If you have already signed up for InsideCounsel’s SuperConference (May 25-26 in Chicago), then you “get it.” Thank you for reading my column, and please visit this space again next month. Now, for everyone else:
You have not signed up for one of three reasons. 1. Simple inertia. 2. You enjoy conferences, but you are busy and/or your company won’t reimburse the expense. 3. You know you should go, but you would rather chew glass than network.
If you fall into the first category, I offer the following quote as great career advice: “Action may not always bring happiness, but there is no happiness without action.” (Benjamin Disraeli, former British Prime Minister)
However, I think my chances of persuading you to attend are better if you fit into category two or three. You are the readers who are already motivated to advance your careers, whether or not the activity involved in doing so is fun for you.
Why come? Even if you skip networking opportunities entirely, this conference merits your time and money in exchange for real best practices discussion. (Read InsideCounsel’s wrap up of last year’s conference topics.) If you go back to your legal department with one usable tool that will improve your personal performance, then you will have made a worthwhile investment in your career. If you can champion one single idea that leads to cost savings and/or better outcomes for your department as a whole, then you are laying the foundation for a promotion. For details on topics and CLE, click here.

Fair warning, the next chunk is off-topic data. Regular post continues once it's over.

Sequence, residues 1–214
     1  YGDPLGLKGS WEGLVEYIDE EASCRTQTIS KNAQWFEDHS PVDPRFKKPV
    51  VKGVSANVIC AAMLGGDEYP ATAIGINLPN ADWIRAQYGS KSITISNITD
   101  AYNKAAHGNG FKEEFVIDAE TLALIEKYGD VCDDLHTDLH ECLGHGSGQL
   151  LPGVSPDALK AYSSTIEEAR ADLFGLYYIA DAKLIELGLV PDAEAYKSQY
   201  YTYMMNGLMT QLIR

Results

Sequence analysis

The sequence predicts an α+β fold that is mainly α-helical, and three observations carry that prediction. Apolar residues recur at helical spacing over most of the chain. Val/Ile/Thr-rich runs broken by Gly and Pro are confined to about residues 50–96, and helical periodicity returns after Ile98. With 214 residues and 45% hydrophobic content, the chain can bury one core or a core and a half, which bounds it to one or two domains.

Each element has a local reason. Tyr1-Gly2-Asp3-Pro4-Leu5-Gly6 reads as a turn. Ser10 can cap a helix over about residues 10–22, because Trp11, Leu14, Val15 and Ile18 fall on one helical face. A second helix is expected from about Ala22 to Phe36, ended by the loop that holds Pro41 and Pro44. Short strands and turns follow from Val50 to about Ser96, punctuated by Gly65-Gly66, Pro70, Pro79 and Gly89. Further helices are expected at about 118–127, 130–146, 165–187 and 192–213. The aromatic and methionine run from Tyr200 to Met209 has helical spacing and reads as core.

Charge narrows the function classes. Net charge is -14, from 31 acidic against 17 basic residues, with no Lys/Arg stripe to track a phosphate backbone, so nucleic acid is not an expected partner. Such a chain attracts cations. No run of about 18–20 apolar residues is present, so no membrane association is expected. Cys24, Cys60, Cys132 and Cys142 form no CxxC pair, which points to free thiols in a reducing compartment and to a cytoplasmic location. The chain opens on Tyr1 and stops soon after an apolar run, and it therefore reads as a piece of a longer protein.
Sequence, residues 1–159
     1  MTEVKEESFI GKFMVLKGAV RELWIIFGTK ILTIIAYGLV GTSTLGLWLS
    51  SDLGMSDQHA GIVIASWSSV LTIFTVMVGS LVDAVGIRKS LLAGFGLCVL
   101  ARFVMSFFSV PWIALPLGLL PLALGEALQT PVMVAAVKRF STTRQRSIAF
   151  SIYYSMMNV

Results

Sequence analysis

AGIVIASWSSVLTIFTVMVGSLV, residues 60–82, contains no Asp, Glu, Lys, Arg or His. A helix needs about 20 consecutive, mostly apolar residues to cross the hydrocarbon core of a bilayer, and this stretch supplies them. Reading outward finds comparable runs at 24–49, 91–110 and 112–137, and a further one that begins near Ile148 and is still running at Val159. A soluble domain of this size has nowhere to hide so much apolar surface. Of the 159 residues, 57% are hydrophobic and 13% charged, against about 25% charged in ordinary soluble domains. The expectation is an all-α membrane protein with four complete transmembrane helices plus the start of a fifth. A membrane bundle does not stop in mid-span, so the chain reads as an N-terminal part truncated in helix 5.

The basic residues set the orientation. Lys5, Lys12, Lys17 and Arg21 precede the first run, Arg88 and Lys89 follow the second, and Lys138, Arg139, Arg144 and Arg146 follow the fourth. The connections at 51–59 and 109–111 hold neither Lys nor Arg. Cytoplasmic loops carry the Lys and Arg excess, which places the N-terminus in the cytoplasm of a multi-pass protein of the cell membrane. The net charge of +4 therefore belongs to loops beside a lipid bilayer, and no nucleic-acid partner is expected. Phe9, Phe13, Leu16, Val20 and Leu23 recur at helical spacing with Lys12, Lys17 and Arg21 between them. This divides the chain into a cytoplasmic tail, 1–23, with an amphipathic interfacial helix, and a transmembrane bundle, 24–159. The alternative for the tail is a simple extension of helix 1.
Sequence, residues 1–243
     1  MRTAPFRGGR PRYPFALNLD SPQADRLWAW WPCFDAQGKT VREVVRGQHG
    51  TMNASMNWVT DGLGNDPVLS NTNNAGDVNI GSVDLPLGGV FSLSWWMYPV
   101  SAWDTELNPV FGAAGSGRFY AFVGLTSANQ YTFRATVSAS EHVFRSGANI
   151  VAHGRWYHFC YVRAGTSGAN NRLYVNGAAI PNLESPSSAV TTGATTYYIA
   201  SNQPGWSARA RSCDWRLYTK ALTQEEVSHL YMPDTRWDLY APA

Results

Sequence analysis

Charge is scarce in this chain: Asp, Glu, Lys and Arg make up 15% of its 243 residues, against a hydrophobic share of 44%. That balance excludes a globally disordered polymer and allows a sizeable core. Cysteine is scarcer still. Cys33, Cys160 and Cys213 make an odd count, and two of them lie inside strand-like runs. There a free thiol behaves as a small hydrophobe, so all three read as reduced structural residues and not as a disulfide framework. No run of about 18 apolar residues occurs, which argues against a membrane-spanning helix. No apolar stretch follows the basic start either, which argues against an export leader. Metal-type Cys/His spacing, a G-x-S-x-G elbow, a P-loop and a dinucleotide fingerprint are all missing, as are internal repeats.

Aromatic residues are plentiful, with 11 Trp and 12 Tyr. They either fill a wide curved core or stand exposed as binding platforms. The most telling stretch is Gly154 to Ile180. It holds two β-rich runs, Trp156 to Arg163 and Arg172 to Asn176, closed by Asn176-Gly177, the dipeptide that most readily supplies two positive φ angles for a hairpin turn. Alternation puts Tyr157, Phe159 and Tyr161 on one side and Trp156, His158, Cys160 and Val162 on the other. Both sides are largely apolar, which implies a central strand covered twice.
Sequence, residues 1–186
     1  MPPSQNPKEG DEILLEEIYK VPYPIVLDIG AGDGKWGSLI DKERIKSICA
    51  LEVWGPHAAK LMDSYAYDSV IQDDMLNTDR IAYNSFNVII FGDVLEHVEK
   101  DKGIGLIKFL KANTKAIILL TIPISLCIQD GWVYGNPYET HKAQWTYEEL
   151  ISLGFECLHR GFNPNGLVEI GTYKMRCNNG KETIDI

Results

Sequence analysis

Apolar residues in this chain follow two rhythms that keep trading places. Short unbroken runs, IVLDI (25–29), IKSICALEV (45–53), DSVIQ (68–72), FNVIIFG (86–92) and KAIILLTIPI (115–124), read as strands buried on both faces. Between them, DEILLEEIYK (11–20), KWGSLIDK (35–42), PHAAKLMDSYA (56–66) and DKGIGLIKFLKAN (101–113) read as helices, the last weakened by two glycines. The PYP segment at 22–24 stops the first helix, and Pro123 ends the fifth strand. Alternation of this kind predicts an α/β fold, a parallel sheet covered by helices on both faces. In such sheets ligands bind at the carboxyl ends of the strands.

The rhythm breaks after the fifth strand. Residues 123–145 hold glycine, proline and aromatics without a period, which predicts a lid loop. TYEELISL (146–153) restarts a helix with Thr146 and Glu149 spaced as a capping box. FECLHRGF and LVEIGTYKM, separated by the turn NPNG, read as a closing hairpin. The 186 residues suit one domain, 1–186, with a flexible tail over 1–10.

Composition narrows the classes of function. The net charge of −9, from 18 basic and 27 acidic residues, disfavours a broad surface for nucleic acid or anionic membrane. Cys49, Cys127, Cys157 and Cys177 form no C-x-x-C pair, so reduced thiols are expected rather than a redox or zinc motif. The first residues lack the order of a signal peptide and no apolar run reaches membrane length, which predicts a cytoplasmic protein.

Add networking to the mix and the decision to attend is a no brainer. There are only a couple of truly national conferences for inside counsel each year, so take advantage of this opportunity to meet colleagues from multiple industries. Start the kind of relationships that lead to unforeseen career opportunities in the future. If you happen to be seeking a new position now, visit my series of columns from April, May and June last year on maximizing conference attendance within the context of a job search.
I do understand that some companies will decline to pay for conference attendance, and that you may not even want to spend the political capital to ask. You’re a successful professional. Think bigger picture and ante up. I spoke with my accountant who assures me that the entire trip is deductible as an educational expense. Attendance in 2009 was excellent and exceeded 2008. I expect another positive jump this year. Join us.